We’ve kicked off field work for our research on the development of Samoan agriculture and political complexity in the Falefa Valley, ‘Upolu, working with the villages of Falefa and Falevao. Last week Associate Investigator Matt Prebble and I had National University of Samoa Students working with us as part of their HSA380 Field Archaeology course. The upcoming week we will have a new batch of students on the course. University and Centre for Samoan Studies staff, lead by Matiu Matavai Tautunu and Dionne Fonoti, have also helped behind the scenes and in the field.

Samoan archaeology student Vinimua captures the discussion of something important over there.

Our first goals is to map the extent of agricultural features such as rock walls, ditches, and terraces through a combination of lidar-based feature extraction and ground-truthing. We are working with the feature extraction data produced by Associate Investigator Seth Quintus at the University of Hawaii. With our field data, Seth should be able to tweak his extraction procedures to get better results. One obvious issue we are encountering is the use of rocks from old walls to build new structures. The old wall are visible in the field as exposed base-courses, but don’t show up very well in the lidar.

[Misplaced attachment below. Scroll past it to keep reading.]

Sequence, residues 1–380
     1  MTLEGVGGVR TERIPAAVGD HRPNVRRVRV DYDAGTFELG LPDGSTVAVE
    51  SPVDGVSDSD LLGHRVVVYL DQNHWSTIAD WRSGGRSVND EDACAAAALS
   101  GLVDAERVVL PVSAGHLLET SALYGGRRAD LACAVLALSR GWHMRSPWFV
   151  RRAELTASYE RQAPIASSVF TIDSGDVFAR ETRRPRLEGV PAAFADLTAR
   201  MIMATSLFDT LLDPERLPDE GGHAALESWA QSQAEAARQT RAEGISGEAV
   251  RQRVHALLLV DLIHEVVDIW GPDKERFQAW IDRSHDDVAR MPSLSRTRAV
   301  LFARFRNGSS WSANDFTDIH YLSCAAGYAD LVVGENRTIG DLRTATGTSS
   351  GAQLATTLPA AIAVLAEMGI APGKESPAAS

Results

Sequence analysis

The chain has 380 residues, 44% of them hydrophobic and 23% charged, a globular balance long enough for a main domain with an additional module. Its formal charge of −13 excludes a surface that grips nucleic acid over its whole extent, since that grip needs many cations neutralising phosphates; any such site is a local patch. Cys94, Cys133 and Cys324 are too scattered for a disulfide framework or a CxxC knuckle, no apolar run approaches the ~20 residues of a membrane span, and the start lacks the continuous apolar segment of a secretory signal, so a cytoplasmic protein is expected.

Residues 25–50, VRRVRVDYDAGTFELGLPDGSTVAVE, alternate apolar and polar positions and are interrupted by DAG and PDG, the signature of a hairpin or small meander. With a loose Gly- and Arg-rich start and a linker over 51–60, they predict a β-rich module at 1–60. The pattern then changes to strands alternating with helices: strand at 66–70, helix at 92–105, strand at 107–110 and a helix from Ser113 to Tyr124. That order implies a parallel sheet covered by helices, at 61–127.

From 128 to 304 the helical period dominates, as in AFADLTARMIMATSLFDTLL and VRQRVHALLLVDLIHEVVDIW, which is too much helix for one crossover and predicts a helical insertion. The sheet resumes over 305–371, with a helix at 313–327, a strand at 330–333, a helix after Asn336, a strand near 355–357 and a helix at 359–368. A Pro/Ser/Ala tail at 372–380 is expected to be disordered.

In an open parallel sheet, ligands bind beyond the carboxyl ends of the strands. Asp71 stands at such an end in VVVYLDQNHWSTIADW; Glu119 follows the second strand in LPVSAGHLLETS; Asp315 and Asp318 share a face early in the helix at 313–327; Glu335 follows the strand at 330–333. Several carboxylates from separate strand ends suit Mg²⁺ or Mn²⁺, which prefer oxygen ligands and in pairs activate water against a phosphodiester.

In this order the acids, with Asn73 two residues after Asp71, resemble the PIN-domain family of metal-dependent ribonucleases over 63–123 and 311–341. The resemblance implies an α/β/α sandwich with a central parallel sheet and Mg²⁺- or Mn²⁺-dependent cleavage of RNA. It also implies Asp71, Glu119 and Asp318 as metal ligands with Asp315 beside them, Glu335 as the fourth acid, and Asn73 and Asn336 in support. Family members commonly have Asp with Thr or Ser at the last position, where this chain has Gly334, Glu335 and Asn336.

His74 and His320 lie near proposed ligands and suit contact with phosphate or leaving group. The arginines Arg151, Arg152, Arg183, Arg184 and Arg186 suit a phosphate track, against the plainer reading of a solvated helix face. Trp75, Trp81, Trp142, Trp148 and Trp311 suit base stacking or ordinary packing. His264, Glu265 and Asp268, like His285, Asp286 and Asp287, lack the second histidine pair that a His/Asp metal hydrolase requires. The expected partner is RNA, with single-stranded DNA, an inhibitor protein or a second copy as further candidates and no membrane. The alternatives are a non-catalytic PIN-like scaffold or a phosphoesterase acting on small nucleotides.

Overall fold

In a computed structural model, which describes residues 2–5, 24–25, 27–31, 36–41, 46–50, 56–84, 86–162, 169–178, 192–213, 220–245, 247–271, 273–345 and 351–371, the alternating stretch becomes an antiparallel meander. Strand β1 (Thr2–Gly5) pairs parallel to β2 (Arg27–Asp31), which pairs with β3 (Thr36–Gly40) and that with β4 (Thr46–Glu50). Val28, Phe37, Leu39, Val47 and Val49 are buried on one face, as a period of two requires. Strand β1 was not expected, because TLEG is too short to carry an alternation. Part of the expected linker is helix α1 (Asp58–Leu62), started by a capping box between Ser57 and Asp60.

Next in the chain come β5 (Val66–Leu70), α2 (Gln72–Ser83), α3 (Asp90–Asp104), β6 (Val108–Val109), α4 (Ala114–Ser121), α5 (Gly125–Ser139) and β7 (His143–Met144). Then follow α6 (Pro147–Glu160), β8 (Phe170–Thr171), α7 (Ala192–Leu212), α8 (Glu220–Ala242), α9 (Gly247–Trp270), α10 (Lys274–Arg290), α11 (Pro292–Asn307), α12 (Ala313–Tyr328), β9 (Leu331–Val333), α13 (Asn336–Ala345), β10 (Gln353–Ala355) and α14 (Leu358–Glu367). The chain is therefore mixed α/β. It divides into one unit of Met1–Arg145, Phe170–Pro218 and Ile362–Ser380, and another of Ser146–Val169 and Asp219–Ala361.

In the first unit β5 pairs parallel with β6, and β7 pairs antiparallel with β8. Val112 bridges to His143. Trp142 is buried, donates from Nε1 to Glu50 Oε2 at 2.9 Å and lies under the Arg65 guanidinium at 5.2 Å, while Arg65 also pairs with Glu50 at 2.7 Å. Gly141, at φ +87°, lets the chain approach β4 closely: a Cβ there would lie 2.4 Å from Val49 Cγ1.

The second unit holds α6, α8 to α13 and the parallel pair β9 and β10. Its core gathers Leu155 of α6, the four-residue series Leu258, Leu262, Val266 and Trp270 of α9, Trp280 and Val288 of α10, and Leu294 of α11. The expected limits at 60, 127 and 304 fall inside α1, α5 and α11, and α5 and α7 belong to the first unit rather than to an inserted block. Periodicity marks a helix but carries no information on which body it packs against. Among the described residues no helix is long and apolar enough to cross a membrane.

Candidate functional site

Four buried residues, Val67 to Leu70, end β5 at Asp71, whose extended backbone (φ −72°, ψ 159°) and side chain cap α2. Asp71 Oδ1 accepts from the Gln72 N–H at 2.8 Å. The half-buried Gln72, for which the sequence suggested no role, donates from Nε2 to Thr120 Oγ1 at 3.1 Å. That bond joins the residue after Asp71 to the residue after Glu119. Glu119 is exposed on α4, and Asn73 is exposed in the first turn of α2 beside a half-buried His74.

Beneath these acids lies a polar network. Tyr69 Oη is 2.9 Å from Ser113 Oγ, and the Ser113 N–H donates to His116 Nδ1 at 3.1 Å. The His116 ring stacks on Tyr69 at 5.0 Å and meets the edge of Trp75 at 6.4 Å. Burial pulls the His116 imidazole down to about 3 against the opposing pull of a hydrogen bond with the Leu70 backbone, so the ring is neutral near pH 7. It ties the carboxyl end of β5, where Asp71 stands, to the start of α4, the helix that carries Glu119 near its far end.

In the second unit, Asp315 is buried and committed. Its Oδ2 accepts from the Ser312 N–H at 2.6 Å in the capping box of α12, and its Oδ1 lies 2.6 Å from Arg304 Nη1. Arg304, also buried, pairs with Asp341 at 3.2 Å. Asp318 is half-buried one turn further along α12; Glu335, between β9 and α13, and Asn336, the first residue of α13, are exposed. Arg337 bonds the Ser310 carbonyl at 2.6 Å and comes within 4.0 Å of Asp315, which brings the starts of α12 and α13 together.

Samoan archaeology student Rachel records a rock wall.

We use a combination of Bad Elf GNSS Surveyor units, bluetoothed to iPads with ArcGIS Collector to collect field data. This is a really slick system and allows us to upload data every day to our ArcGIS enterprise cloud where Seth (currently in Hawaii) can check on our work, offer advice and ask for corrections. The Bad Elfs are working surprisingly well. I was nervous about their accuracy in heavy canopy, but they are consistently getting sub-5 metre accuracy and down to a metre or less with clear sky. Trimble has got a serious competitor here.

Some of the features recorded thus far include walls, starmounds, and stratigraphic relationships.